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8 th Grade Native American Land Curriculum Part II – Lesson 1 Manifest Destiny and Federal Laws dealing with Native Americans Photo courtesy of www.moneyteachers.org.

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Presentation on theme: "8 th Grade Native American Land Curriculum Part II – Lesson 1 Manifest Destiny and Federal Laws dealing with Native Americans Photo courtesy of www.moneyteachers.org."— Presentation transcript:

1 8 th Grade Native American Land Curriculum Part II – Lesson 1 Manifest Destiny and Federal Laws dealing with Native Americans Photo courtesy of

2 Manifest Destiny North America was seen as a continent that was destined for American settlement at the beginning of the nineteenth century. “Manifest Destiny” was a phrase coined in 1845 that gave formal wording to the belief that Americans had a “God- given right” to expand across North America. Photo courtesy of americanhistory.mrdonn.org

3 Manifest Destiny? As we know there was a big problem with this belief. Hundreds of Native American tribes lived in the land that Americans believed was destined for their settlement. Clearly, conflict would arise in the near future as Americans moved westward into land that had been occupied for thousands of years. Picture courtesy of hanstheman.glogster.com

4 What will the United States government do to deal with this conflict? The federal government would pass a series of laws designed to deal with what some saw as “troublesome” Natives. While many Americans saw westward expansion as a positive thing, many Native Americans saw it as an invasion of their homelands.

5 Federal Laws dealing with American Indians After the Americans won their independence from Britain, they immediately claimed all of the Indian lands to the West of the Appalachian Mountains by right of conquest. This was the belief that when a Christian people found land settled by non-Christian people, they had the God- given right to conquer the land and convert the people. Map courtesy of kwiznet.com

6 The Native American Perspective Obviously, Native Americans refused to honor the Americans’ claim to their land. They did this for two reasons. First, they had not signed the peace treaty between the United States and Britain. Second, they had never been conquered by either country. Picture of the surrender of Cornwallis courtesy of niahd.wm.edu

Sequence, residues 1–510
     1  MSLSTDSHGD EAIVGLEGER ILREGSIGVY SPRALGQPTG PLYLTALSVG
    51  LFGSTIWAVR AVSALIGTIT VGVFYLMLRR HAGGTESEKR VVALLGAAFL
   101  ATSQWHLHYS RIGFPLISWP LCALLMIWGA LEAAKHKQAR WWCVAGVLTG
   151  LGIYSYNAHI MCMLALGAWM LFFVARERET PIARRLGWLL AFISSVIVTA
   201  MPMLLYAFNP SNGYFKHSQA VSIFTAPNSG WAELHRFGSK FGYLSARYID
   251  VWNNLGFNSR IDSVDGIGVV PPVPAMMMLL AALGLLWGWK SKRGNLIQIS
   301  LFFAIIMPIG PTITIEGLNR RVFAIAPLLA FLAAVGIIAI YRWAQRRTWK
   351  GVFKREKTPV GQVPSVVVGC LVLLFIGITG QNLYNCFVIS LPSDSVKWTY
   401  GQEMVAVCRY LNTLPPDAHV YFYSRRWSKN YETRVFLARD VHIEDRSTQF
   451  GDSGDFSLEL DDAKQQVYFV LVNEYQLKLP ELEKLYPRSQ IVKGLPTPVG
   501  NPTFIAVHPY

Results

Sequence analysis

7 What did the United States Constitution say about Native Americans? The Constitution was very clear that only the federal government had the right to deal with Native tribes, not the states. Under the Commerce Clause, it was also clear that there were three primary and sovereign levels of government in the United States: Federal, State, and Tribal. Photo courtesy of elcivics.com

8 The “Indian Problem” Since the Constitution recognized Native American tribes as sovereign, the new American government realized that it would not be as easy as they had thought to spread their influence throughout North America. It was clear that hundreds of sovereign Indian nations were not going to give up their land willingly. Map of Indian nations courtesy of mappery.com

9 What will the United States government do to deal with this problem? The United States government would try to gain control of Native land through various tools including 371 treaties signed by the U.S. government and various Indian nations, and a series of Congressional laws. Photos courtesy of inetmonster.com and thetikitrader.net

10 Why did the United States government try to take away Native American sovereignty? First, the government wanted to eliminate the Indian “threat” so that westward expansion would be “peaceful” for white settlers. Second, they wanted to destroy the Native way of life and assimilate Native Americans into the American way of life. Picture depicting Native American assimilation courtesy of sparcmurals.org


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